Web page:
Anyone who believes building wooden boats is a dead commercial trade hasn't visited the Egeberg Brothers shop on Kent Island recently.

The Egebergs are churning out wooden skiffs as fast as people will buy them, which is pretty fast. They've updated techniques for building wooden boats and taken the artsy-craftsy out. If that breaks a few romantics' hearts, at least it keeps the Egebergs in beer.

The phone rang recently while Tom Egeberg was showing a visitor around the cluttered workshop where his crew puts together plywood fishing skiffs. He grabbed a pencil and negotiated for a few minutes, then announced to the three workmen on hand:

"That guy wants a dozen 14-footers in a week and he's willing to pay for them. We've got work to do. Who's buying the keg?"

A dozen in a week is not unreasonable, said Egeberg, whipping out a newspaper clipping to prove it. It told how he and brother Joe slapped together a plywood skiff in just under 45 minutes at a boat show, then immediately tested the vessel's seaworthiness on Sinepuxent Bay -- in February.

It didn't leak -- "Not a drop," said Tom.

The Egebergs started building skiffs six years ago, after the retirement of Johnny Beall, a neighbor in Severna Park, their home town, who had built about 10,000 work skiffs over a 30-year career. His departure left a void. "I grew up in a Beall skiff," said Egeberg. "Didn't everyone?"

Beall showed the basics to Tom Egeberg, who was in a slow time in the house-building business. Tom quickly set up shop. In the years since, the brothers have done well enough to buy up what Egeberg calls "the last piece of commercial waterfront real estate in America" -- four acres on Kent Island -- and move the shop there.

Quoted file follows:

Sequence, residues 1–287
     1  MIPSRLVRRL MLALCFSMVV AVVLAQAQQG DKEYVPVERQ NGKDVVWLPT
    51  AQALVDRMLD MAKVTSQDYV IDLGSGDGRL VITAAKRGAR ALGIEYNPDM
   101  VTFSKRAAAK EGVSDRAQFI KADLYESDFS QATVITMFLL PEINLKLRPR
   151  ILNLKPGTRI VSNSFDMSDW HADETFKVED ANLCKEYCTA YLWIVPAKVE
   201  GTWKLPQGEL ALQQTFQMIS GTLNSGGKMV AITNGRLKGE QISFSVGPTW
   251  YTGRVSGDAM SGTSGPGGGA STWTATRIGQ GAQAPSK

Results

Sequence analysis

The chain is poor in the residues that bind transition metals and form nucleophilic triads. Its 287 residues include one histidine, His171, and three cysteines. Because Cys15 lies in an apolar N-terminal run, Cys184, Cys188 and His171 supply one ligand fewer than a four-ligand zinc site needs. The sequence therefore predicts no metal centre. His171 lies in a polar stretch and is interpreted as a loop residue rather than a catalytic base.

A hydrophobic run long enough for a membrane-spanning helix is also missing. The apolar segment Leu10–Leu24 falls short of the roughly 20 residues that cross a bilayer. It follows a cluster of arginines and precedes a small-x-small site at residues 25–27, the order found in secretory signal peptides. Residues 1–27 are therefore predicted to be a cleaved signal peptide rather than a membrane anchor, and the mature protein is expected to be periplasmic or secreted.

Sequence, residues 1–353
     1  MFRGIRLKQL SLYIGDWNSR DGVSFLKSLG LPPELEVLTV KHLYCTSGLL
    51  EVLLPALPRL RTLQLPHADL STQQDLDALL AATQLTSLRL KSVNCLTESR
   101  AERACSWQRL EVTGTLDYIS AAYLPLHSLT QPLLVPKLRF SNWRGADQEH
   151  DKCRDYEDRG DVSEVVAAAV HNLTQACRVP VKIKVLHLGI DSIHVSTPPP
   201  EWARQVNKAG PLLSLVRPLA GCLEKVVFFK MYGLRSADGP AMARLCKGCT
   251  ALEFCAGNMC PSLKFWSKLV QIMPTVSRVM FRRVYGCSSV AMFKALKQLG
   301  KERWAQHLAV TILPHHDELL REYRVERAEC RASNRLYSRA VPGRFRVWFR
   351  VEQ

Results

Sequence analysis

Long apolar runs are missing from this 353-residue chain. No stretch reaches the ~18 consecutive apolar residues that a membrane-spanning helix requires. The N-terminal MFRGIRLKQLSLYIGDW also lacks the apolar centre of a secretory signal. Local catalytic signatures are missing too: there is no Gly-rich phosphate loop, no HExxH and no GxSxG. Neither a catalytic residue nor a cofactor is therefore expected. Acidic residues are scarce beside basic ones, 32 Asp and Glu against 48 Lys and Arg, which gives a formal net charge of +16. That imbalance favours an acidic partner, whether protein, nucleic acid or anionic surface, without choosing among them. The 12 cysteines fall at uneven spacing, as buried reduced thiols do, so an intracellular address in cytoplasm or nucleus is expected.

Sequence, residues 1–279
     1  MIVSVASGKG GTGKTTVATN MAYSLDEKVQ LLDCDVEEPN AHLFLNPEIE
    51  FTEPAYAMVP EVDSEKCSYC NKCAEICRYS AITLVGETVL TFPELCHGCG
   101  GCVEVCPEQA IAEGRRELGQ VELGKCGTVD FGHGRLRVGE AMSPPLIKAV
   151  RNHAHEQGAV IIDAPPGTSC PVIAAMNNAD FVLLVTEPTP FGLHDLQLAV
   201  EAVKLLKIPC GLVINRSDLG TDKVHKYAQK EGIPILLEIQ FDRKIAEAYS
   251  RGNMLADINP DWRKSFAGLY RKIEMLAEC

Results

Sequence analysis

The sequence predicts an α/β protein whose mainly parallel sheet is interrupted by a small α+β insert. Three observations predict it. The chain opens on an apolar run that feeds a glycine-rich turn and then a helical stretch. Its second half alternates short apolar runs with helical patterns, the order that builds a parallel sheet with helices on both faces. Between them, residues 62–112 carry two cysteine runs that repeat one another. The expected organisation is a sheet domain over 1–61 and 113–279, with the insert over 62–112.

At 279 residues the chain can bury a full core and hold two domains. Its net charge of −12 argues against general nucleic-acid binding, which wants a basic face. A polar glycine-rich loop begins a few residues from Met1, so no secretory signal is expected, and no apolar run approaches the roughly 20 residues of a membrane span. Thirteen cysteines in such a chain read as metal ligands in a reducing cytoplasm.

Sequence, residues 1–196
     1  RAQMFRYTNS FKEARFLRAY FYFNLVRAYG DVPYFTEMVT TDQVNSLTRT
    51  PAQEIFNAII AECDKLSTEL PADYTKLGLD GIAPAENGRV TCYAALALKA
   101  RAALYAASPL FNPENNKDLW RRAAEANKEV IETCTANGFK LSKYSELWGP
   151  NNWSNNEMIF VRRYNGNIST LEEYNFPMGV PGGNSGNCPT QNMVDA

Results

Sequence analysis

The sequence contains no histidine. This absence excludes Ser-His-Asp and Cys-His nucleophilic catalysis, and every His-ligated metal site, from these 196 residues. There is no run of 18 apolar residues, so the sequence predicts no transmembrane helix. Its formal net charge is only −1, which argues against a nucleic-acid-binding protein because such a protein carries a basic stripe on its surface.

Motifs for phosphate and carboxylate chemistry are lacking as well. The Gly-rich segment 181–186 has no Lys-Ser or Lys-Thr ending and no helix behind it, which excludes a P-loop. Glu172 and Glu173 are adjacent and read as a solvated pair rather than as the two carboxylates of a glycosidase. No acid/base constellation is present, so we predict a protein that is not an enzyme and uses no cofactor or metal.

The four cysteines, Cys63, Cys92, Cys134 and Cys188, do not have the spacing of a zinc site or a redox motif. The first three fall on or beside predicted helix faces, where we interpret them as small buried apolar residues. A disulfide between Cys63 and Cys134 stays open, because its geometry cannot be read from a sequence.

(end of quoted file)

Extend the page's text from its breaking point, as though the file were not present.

Egeberg guesses his company has churned out a thousand to 1,500 boats. Demand is high enough that the current workshop, not much bigger than the average suburban garage, will soon be doubled in size. Out back, Egeberg has assembled some wood-cutting equipment and this spring will begin cutting his own timbers.

The basic Egeberg skiff is not fancy. If you've ever fished out of Fletcher's Boathouse on the Potomac in Washington or paddled around the lake in Columbia, you've probably rented one, or one of Beall's. They are flat-bottomed with no frills. Ray Fletcher says the Egeberg model "doesn't row quite as well as the Beall boat," but is just as sturdy.

Egeberg maintains the plywood skiffs are cheaper to build and just as easy to maintain as fiberglass equivalents.

"They tout fiberglass as maintenance free," he said. "Have you been down to the marine store lately to see how many products you can buy to maintain your maintenance-free fiberglass boat?"

Indeed, wood as a boat-building material has been staging a comeback, particularly with the ultralight, ultrastrong "West System" process in which epoxy-impregnated wood strips are pieced together in modern, unframed hull shapes. The result is like fiberglass, but lighter.

The Egebergs' operation is lower-technology and more attuned to volume than the "West System." Plywood comes pre-cut from a Baltimore supplier. Transoms are prefabricated; stems are shaped and hull sides tacked on, then bent to meet the transom. Bottom and sides are nailed in. Presto! A rowboat.

Perhaps finding that a little too repetitive, Egeberg lately has taken to re-creating some classic designs and creating some high-speed hulls in wood as diversions from the bread- and-butter skiff. He is half done with a re-creation of a William Atkin-designed knockabout sloop and is working on a lake cruiser along the lines of the classic mahogany Chris-Craft.

Two things concern him: A continuing decline in the quality of marine plywood, which he says sometimes comes to the shop riddled with core gaps and voids, and the hard time he has finding workmen who know oak from pine.

"Years ago you had skilled workers who could handle wood," said Egeberg. "The manufacturers said, 'We can switch over to plastic and do all this with unskilled labor."

In the 30 years since, said Egeberg, wood regained a competitive place as plastic prices soared and safety-in-the-workplace rules made working with fiberglass harder. But in the meantime, "woodworking skills died out for lack of demand," said Egeberg. "That's the only thing holding wood back right now."